Baseball legends touch ’em all in Wiffle Ball contest in Germany
Former Anaheim Angels slugger Tim Salmon swings and misses during Wednesday's Wiffle Ball contest between the 709th MP Battalion and the 172nd Separate Infantry Brigade in Grafenwöhr, Germany.
Stars and Stripes
GRAFENWÖHR, Germany — Staff Sgt. Pablo Dominguez stepped to the plate in the bottom of the first, lifted his bat and took the pitch from … Wade Boggs?
Yes, that Wade Boggs. The Hall of Fame third baseman briefly stalked the mound during a Wiffle Ball game here Wednesday, part of a three-day Fox Sports promotion to bring a taste of the American pastime to soldiers stationed in Europe.
Boggs and fellow major leaguers past and present, including Rollie Fingers, David Justice and Bob Brenly, are signing autographs, visiting with soldiers and meeting students across the garrison through Thursday. “Spring Training to the Troops” comes as pitchers and catchers in the major leagues prepare to report to team camps.
“To me it’s a lot of fun because it’s an opportunity for us to come out here and see the troops and have a good time,” said Justice, who won a pair of World Series titles with the Atlanta Braves and New York Yankees.
Wednesday, Justice and the others joined soldiers with the 709th MP Battalion and 172nd Separate Infantry Brigade for Wednesday’s Wiffle Ball contest, a hammed-up affair complete with umpires, cheerleaders and a Fox Sports broadcaster, Mario Impemba, the Tigers’ play-by-play man.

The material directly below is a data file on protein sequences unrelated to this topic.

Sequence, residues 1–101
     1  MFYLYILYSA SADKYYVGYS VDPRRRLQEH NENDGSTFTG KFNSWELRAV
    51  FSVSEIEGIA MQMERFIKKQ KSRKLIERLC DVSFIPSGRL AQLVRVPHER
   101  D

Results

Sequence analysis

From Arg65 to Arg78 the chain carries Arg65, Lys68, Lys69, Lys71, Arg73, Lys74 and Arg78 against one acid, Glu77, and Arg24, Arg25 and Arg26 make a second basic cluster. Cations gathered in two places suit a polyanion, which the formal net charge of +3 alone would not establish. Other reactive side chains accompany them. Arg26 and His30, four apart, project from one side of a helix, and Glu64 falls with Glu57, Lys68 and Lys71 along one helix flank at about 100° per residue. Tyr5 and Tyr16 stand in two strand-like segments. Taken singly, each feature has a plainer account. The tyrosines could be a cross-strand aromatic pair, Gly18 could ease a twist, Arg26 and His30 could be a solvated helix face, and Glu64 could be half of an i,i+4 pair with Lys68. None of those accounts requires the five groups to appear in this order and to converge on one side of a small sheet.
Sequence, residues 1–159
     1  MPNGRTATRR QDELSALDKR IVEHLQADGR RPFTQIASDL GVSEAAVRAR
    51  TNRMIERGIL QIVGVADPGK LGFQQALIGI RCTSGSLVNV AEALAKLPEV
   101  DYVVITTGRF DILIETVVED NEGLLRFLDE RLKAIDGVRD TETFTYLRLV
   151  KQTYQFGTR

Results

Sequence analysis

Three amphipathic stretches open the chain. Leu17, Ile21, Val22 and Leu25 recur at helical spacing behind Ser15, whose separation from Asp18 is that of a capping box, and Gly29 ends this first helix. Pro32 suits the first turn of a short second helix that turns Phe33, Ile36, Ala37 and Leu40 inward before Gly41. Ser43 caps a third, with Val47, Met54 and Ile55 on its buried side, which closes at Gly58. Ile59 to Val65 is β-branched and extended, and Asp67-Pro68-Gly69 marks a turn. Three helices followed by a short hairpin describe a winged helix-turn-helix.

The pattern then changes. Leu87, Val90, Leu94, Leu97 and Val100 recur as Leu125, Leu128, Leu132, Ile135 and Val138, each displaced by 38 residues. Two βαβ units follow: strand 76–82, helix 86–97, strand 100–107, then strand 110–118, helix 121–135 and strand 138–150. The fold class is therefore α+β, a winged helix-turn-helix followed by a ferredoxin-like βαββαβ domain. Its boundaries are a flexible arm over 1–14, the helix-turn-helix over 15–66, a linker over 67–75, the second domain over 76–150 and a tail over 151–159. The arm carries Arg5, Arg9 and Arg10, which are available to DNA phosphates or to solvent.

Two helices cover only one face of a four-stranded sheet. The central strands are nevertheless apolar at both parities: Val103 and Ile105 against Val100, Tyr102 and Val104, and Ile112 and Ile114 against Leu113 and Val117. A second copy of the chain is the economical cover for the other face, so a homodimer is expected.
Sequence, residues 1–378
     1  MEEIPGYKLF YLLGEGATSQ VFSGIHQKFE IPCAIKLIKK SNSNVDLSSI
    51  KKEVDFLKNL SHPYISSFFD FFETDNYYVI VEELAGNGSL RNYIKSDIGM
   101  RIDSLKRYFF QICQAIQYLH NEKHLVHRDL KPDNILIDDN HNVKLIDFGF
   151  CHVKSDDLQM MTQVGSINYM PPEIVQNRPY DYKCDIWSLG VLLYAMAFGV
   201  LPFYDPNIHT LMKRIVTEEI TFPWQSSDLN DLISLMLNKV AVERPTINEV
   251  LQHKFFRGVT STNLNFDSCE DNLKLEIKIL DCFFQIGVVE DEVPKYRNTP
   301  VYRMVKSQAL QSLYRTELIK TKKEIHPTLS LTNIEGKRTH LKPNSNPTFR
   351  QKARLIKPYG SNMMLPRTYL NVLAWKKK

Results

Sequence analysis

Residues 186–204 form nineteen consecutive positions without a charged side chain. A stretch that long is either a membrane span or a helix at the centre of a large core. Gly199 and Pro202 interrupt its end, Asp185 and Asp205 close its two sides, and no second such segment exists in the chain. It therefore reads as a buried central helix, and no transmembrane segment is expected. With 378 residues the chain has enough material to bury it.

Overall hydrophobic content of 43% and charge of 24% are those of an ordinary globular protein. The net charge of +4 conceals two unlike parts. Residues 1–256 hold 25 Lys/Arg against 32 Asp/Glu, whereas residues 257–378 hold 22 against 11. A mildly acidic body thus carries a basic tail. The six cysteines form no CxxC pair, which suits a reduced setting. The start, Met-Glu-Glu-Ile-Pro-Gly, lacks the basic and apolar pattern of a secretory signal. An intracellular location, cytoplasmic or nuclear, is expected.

“Where’s the beer?” Boggs quipped.
Sgt. Bradley Beal of the 709th compared lineup notes with Fingers, a Hall of Fame pitcher with 16 World Series appearances, three rings and an iconic mustache.
“It’s surreal,” said Beal, a Texas Rangers fan. “Every time they talk to me, I’m like, ‘Hey, how’s it going?’”
Chris Hannan, a senior vice president at Fox Sports Media Group, said the three-day promotion is a first for the network, which has held similar events promoting football. Grafenwöhr was the first choice, he said.
“When we talked to the military, finding out there was a training installation, the biggest one in Europe, it made sense,” he said.
The MPs won, 5-2. Few in the 172nd seemed disappointed. Soldiers brought baseball cards to be autographed, and they had pictures taken with the stars.
Besides, how many can say they’ve played against the likes of Boggs and Fingers?
“To play with some Hall of Famers,” said the 172nd’s Dominguez, “is pretty cool.”